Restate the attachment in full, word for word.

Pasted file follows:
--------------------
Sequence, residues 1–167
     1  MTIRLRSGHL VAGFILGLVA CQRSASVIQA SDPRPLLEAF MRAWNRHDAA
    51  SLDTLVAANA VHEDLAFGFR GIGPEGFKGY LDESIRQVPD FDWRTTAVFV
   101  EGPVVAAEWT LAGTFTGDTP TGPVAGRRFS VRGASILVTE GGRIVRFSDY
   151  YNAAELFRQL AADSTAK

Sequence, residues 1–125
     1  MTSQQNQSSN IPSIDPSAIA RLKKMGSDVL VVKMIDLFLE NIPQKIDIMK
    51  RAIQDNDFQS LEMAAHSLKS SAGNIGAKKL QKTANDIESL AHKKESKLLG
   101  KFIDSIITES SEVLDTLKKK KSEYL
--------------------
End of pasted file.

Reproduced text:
Sequence, residues 1–167
     1  MTIRLRSGHL VAGFILGLVA CQRSASVIQA SDPRPLLEAF MRAWNRHDAA
    51  SLDTLVAANA VHEDLAFGFR GIGPEGFKGY LDESIRQVPD FDWRTTAVFV
   101  EGPVVAAEWT LAGTFTGDTP TGPVAGRRFS VRGASILVTE GGRIVRFSDY
   151  YNAAELFRQL AADSTAK

Sequence, residues 1–125
     1  MTSQQNQSSN IPSIDPSAIA RLKKMGSDVL VVKMIDLFLE NIPQKIDIMK
    51  RAIQDNDFQS LEMAAHSLKS SAGNIGAKKL QKTANDIESL AHKKESKLLG
   101  KFIDSIITES SEVLDTLKKK KSEYL